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Late progression of neurological symptoms and MRI T2 hyperintensities in Parry-Romberg syndrome
  1. Payam Dibaj1,2,
  2. Gregor Herrendorf1,
  3. Erik Bahn3,
  4. Mark Obermann1
  1. 1Center for Neurology, Asklepios Hospitals Schildautal, Seesen, Germany
  2. 2Max-Planck-Institute for Experimental Medicine, Göttingen, Germany
  3. 3Department of Neuropathology, University of Göttingen, Göttingen, Germany
  1. Correspondence to Dr Payam Dibaj, Center for Neurology, Asklepios Hospitals Schildautal, Karl-Herold-Str 1, Seesen 38723, Germany; p.dibaj{at}asklepios.com

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We describe a case of a 50-year-old woman who developed drug-resistant status epilepticus with complex partial and secondary generalised seizures. She had suffered from Parry-Romberg syndrome (PRS) for more than 40 years. Right-sided progressive hemifacial atrophy (PHA) had begun at the age of 7 (figure 1A), followed by epilepsy at the age of 14 years. In the past 2–3 years before the latest admission, the patient had developed a progressive left-sided hemiparesis concomitant with an increase of T2-hyperintensities in the white matter of the right hemisphere, ipsilateral to the PHA (B–D). Moreover, MRI scans illustrated ipsilateral cerebral atrophy (B–D). Blood-sensitive axial imaging revealed evidence of microhaemorrhages or microcalcifications in the right hemisphere (E). Cerebral atrophy was accompanied by contralateral cerebellar atrophy (F). Intrathecal IgG-synthesis as well …

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Footnotes

  • Contributors PD was involved in the drafting and revising the manuscript, conception of the study, analysis and interpretation of data, final approval. GH was involved in revising the manuscript, acquisition of data, analysis and interpretation of data, final approval. EB was involved in revising the manuscript, acquisition of data, analysis and interpretation of data, final approval. MO was involved in revising the manuscript, conception of the study, analysis and interpretation of data, final approval. PD takes responsibility for the integrity of the data and the accuracy of the data analysis.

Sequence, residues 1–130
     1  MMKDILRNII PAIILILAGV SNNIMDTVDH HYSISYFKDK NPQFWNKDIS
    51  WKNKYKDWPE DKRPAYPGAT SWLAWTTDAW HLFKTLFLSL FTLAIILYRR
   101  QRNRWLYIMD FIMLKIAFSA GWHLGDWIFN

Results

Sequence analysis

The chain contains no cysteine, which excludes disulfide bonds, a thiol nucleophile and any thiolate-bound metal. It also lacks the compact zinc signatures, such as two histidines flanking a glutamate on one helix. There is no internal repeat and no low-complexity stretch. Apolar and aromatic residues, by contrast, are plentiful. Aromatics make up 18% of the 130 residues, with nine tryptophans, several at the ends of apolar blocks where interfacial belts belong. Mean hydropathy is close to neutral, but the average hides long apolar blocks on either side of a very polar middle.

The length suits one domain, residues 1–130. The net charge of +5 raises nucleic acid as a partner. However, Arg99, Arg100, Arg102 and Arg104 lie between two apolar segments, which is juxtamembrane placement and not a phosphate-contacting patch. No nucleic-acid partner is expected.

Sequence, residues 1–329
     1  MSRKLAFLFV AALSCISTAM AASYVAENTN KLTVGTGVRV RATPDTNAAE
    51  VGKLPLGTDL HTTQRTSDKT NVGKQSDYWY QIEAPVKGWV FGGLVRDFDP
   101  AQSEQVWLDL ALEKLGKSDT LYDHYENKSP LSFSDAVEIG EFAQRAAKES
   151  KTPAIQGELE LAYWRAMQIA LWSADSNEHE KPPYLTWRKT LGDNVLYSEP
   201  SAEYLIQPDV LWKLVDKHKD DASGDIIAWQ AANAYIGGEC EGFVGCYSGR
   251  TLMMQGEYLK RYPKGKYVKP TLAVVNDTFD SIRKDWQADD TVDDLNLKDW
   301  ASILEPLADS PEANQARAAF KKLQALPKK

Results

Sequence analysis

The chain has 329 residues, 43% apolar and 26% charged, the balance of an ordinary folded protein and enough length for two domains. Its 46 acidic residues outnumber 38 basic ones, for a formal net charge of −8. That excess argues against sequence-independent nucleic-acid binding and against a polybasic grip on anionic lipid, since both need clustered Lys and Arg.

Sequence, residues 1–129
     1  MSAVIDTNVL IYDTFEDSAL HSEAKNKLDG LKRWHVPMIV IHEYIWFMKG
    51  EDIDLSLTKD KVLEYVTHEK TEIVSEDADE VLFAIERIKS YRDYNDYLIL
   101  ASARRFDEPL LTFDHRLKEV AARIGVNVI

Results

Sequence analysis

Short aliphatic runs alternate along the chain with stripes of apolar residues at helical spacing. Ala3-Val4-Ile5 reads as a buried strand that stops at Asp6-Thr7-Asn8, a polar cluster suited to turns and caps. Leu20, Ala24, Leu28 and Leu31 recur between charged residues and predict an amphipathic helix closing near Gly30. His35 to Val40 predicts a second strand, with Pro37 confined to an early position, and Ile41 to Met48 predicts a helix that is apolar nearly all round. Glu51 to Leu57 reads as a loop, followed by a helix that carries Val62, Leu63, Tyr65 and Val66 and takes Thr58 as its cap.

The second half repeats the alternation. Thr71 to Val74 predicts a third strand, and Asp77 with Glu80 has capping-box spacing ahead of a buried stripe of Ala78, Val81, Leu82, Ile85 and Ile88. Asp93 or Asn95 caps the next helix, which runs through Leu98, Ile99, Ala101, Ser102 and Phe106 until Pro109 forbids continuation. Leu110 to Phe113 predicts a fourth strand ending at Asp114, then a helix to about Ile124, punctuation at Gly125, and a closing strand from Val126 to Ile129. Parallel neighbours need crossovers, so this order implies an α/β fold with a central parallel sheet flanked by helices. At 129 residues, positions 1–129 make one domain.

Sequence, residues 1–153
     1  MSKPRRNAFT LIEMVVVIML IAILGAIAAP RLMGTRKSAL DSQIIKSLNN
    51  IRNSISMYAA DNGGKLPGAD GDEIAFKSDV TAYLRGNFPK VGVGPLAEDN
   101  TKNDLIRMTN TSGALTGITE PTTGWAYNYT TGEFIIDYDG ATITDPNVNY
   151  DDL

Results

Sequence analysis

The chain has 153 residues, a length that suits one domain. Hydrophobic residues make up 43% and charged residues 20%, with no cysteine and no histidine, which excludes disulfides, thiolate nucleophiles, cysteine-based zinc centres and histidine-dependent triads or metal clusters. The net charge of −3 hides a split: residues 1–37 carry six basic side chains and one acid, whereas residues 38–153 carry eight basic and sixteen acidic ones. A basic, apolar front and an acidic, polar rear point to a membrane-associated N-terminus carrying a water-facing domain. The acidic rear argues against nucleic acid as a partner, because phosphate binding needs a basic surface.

• Competing interests EB has received honoraria for lectures, from Biogen and Bayer Vital. MO has received scientific support, travel support and/or honoraria, from Biogen Idec, Novartis, Sanofi-Aventis, Genzyme, Pfizer, Teva and Heel, as well as receiving research grants from Allergan, Electrocore, Heel and the German Ministry for Education and Research (BMBF).

  • Patient consent Obtained.

  • Ethics approval Ethics committee of Asklepios clinics.

  • Provenance and peer review Not commissioned; externally peer reviewed.

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